|The stupid question is the question not asked|
in praise of poor old Tkby zentara (Archbishop)
|on Feb 18, 2014 at 11:05 UTC||Need Help??|
You know, when I first started programming, about 20 years ago, I thought Perl/Tk was the ticket. Finally something which allowed you to make your own GUI's without having to resort to buying Microsoft software. It worked great, and still works great.
In the meantime, other GUI toolkits, such as the short-lived Gtk, Gtk2, and currently Gtk3, and others such as Wx and KDE have come along. But they are always changing so fast, to incorporate such great new features as semi-transparencies, gradients, and whatever new themeing engines they might want compatibility with.
So, I look back at Tk, knowing that for the most part, all my scripts still run pretty much as I wrote them way back when. It is simple, and stable. My newer Gtk2 scripts, may not convert without some work, to Gtk3. Additionally, the docs for Gtk3, Wx and ( KDE ) Qt GUI's are hard to come by.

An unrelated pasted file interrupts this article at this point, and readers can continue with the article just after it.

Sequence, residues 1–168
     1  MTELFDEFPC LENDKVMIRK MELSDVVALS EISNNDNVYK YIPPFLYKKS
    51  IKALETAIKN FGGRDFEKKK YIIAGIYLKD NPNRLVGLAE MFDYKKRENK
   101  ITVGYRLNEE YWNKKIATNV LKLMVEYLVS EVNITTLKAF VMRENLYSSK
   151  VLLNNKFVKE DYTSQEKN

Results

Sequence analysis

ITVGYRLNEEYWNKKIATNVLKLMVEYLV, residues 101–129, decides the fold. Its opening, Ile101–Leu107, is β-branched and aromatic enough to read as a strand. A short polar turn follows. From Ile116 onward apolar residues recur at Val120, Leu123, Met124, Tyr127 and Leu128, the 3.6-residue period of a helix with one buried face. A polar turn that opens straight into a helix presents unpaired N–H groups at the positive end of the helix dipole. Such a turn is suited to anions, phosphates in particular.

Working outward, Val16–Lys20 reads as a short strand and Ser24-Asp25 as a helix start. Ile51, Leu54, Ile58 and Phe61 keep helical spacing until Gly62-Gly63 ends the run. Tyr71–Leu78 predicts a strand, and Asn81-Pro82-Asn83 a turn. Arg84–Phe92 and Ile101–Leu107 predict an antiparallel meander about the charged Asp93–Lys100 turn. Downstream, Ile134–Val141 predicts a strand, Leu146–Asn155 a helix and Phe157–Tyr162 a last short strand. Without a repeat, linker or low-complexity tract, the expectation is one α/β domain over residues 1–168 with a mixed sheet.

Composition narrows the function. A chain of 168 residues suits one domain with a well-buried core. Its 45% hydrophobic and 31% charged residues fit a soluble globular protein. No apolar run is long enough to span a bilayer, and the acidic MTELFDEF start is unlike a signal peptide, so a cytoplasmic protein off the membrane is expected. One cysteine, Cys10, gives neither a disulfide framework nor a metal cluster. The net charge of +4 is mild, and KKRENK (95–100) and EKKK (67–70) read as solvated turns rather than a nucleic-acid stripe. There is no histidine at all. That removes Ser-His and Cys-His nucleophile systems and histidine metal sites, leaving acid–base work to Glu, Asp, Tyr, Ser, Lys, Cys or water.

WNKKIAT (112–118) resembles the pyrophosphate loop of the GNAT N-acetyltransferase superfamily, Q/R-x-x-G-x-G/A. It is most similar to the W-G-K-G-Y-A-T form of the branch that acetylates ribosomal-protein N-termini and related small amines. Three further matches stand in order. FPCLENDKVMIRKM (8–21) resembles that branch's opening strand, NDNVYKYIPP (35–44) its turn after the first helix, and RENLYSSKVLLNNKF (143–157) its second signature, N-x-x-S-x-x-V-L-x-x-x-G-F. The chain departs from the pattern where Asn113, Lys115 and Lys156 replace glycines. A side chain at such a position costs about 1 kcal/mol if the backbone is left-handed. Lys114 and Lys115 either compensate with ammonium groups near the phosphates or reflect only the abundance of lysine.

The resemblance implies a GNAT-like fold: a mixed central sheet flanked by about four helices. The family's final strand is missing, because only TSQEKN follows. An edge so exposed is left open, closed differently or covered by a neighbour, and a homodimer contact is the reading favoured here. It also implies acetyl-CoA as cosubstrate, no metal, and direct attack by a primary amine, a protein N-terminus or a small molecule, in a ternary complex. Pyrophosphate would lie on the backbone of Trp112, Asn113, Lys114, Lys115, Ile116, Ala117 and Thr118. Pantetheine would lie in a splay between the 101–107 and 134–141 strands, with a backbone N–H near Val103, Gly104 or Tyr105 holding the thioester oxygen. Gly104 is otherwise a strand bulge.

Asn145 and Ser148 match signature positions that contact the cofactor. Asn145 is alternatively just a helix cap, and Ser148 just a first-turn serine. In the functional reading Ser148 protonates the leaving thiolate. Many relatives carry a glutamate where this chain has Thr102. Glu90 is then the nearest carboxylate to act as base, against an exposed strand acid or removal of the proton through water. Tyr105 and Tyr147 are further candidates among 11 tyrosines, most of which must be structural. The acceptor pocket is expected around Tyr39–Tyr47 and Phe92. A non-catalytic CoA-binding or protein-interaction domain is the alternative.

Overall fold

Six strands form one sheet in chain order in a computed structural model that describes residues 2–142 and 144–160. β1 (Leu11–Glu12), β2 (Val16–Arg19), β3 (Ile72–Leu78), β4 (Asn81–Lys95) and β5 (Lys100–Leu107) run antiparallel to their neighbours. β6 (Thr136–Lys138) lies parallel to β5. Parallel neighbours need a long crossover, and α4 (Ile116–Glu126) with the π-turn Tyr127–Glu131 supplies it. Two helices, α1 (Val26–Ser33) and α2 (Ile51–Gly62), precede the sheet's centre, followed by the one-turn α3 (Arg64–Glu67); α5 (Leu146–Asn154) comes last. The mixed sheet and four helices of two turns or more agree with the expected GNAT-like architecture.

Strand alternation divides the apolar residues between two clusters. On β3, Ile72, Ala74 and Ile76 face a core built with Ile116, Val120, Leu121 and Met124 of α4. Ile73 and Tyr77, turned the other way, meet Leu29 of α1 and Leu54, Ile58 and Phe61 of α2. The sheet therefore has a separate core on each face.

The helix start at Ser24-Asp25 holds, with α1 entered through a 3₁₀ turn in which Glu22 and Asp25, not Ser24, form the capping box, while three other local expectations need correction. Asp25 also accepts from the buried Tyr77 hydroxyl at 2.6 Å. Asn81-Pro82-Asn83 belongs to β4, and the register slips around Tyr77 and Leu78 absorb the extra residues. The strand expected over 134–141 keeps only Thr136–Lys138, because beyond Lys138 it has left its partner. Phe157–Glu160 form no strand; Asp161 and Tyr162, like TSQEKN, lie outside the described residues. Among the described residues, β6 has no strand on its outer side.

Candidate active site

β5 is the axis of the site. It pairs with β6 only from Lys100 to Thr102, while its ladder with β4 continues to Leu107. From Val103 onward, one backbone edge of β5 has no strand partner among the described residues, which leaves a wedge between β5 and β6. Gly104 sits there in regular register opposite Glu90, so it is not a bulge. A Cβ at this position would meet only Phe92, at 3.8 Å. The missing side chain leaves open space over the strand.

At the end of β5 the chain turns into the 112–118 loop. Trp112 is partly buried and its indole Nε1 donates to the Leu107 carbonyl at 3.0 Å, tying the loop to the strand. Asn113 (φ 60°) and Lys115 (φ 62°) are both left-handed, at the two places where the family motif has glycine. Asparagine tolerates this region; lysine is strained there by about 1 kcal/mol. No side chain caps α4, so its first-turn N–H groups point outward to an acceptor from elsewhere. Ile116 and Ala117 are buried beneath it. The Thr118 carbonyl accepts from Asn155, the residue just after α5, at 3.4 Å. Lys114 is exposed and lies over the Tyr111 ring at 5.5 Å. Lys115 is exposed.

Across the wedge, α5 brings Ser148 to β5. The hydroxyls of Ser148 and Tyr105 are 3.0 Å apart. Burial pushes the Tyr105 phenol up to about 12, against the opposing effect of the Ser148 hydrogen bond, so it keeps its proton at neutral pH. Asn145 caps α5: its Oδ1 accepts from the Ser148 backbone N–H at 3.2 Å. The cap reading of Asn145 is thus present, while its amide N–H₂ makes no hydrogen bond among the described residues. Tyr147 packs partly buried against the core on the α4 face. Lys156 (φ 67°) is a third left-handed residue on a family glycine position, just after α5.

But just look at the Tk code base. It needs no pre-requisite libs to be installed, and is a very small module compared to the GUI potential, which it contains. In days of heightened security over code safety, Tk is an easy to module to deal with. Additionally, if you do need transparency and all the matrix operations like rotations, the Tk::Zinc module works great. It is now somewhat abandoned code, but the module still works, and it used to be used as the air-traffic display driver for some French airports. So you know it isn't junk software. It comes with a nice pdf manual, documenting all it's features.
It is kind of funny to me, that the entire drive to make more advanced toolkits, was so that the themeing engine of the host computer would decide how the window app would look. Many like the simplicity of Tk's ability to individually set each widget's colors and fonts with a few simple lines, like -bg=>'#112233', instead of needing a special style section to overide the system's style settings.
Anyways, I still reach for Tk whenever I need a GUI app. It is suitable for almost all small custom tasks. I would even trust it for digital guages and controls.
... and it's way easier to write code for, than any other toolkit out there
I'll bet Perl/Tk will still be around after Gtk5 and Wx99 are come and gone. :-)